Figure 1: Two distinct filter spectra emerge for s– and ppolarized light as AOI increases.  


Figure 2: MaxLine filter spectral response to AOI shift


Figure 3: U and Sgrade StopLine filter spectra


Figure 4: Egrade StopLine filter spectra 
While most applications call for optical filters to be used at normal incidence, it is important to understand how the spectral properties of different types of filters change when using these filters a nonnormal angles of incidence (AOI). There are two main effects exhibited by all filter spectrum as the angle is increased from normal:
1. The features of the spectrum shift to shorter wavelengths.
2. Two distinct spectra emerge – one for spolarized light and one for ppolarized light.
RazorEdge^{®} Edge Filters
The graph on the right (Figure 1) shows a series of spectra derived from a typical RazorEdge longwavepass (LWP) filter design, and can be applied to any of the RazorEdge edge filters. Here, the resulting wavelength λ is compared to the wavelength λ_{0} of the edge location at normal incidence. As the angle increases from normal incidence, the filter edge shifts toward shorter wavelengths and the edges associated with s and ppolarized light shift by different amounts. For LWP filters, the response of ppolarized light shifts more than spolarized light. The opposite is true for SWP filters. This polarization splitting causes the unpolarized spectrum to show a “shelf” near the 50% transmission point, but note that the edge steepness remains intact, even for polarized light.
The shift of almost any spectral feature can be approximated by a simple model of the wavelength of the feature vs. angle of incidence , given by the equation:
where neff is the effective index of refraction, which varies with AOI and polarization, and λ0 is the wavelength of the spectral feature of interest at normal incidence. For the RazorEdge family of edge filters, the shift of the 90% transmission point on the edge is described by this equation with neff = 2.08 and 1.62 for s and ppolarized light, respectively. To learn more about determining the spectral change of RazorEdge filters, click here.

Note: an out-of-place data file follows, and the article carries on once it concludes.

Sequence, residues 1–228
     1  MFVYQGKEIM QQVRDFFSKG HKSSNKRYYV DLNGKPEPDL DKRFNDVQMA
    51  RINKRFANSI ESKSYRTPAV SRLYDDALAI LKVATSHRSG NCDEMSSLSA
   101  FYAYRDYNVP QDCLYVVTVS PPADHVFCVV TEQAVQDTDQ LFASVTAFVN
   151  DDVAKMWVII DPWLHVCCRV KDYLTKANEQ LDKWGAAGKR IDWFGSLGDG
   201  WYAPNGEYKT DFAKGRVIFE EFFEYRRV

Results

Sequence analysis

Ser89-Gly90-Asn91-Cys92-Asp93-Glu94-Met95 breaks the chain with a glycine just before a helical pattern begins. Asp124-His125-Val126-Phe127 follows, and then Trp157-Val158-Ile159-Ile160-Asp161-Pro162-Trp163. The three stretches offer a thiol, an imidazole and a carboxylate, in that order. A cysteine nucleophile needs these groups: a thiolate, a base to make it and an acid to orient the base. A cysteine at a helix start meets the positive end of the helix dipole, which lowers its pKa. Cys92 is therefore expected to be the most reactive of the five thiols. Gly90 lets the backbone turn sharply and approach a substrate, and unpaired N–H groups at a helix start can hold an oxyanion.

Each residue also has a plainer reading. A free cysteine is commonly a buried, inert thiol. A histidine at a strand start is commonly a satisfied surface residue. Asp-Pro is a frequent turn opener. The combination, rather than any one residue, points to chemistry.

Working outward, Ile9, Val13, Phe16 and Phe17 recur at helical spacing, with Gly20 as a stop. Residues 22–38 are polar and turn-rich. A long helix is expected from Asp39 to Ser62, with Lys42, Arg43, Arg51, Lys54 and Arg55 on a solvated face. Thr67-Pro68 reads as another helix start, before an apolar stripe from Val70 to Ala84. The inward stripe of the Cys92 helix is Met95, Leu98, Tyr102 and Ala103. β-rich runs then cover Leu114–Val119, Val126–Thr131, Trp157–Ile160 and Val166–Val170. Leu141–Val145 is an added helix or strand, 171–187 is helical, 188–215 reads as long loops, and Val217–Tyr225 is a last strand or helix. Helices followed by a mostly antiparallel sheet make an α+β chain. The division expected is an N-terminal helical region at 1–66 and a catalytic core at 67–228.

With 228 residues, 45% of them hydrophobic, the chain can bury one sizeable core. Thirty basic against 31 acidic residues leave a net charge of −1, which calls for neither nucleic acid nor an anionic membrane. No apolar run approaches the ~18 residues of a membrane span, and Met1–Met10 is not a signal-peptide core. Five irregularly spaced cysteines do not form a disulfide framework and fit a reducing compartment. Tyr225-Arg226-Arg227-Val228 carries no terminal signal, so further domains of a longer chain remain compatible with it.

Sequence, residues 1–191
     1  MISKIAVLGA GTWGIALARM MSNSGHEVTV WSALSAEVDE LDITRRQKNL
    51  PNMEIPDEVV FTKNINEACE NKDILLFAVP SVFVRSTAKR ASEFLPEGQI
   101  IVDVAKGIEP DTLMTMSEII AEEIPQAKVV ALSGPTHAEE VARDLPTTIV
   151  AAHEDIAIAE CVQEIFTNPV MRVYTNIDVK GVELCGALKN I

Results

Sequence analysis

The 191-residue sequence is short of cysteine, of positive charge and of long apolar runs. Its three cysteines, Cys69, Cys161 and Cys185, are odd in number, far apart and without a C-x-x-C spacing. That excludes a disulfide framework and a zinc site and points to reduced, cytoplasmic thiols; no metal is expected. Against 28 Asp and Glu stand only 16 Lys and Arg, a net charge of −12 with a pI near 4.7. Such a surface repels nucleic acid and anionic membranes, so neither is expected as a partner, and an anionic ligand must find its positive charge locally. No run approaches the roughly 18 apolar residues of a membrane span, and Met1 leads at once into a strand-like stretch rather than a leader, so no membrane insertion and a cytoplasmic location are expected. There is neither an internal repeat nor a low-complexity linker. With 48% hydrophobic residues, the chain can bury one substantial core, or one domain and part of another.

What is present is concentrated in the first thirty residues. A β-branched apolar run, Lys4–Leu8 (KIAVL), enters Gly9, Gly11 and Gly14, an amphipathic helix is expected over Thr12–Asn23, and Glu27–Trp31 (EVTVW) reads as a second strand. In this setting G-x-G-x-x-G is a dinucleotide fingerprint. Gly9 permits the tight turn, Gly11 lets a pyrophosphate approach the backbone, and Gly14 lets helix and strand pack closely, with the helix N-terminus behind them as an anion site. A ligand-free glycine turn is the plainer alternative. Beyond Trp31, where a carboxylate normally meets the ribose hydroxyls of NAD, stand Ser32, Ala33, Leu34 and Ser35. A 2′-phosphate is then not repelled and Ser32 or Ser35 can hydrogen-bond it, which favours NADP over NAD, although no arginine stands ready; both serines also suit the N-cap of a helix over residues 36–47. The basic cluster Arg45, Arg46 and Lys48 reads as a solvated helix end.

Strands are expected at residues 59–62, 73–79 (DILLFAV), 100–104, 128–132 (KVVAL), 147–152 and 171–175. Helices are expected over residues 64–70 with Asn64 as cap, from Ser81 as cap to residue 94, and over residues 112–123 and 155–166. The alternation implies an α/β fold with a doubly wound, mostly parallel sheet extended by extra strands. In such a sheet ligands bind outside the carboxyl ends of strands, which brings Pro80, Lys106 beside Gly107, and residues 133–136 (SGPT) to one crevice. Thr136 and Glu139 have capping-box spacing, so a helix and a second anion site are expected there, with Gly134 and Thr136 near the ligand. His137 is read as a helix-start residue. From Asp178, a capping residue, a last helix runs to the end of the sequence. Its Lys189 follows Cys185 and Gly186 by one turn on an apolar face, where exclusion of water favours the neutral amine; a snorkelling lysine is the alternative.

MaxLine^{®} Laserline Filters
Varying filter designs will respond to changes in AOI in different ways, but still show marked differences between s and ppolarized light. The spectra of a MaxLine laserline filter (Figure 2) shows that as the angle increases from normal incidence, the center wavelength shifts toward shorter wavelengths and the bandwidth broadens slightly for ppolarized light while narrowing for spolarized light. The most striking feature is the decrease in transmission for spolarized light, while the ppolarized light maintains high transmission. The center wavelength shifts are described by the above equation with neff = 2.19 and 2.13 for s and ppolarized light, respectively, for many of the MaxLine filters. To learn more about how the spectral features of the MaxLine filters will change with AOI, please contact our Applications Engineers.
StopLine^{®} Notch Filters
The StopLine series of filters has a different response to AOI depending on the grade of filter used. For the standard U and Sgrade filters (Figure 3), as the angle is increased from normal incidence, the notch center wavelength shifts to shorter wavelengths, the notch depth decreases, and the notch bandwidth decreases (with a greater decrease for ppolarized light than for spolarized light). The shift of the notch center wavelength is described by the above equation with neff = 1.76 for both s and ppolarized light.
Egrade filter (Figure 4), which is based on a different type of filter design, shows a large increase in OD for spolarized light as the AOI increases. As the angle is increased from normal incidence, the notch center wavelength shifts to shorter wavelengths; however, the shift is greater for ppolarized light than it is for spolarized light. The shift is described by the above equation with neff = 1.71 for ppolarized light and neff = 1.86 for spolarized light. To learn more about the spectral shifts of notch filters due to AOI, click here.
Modeling Data for nonnormal angles of incidence
Try angle tuning on selected filters, by using MyLight™. Select your filter and click on the blue “MyLight” button at the top right of the filter spectra to model the theory data at whatever angle you desire.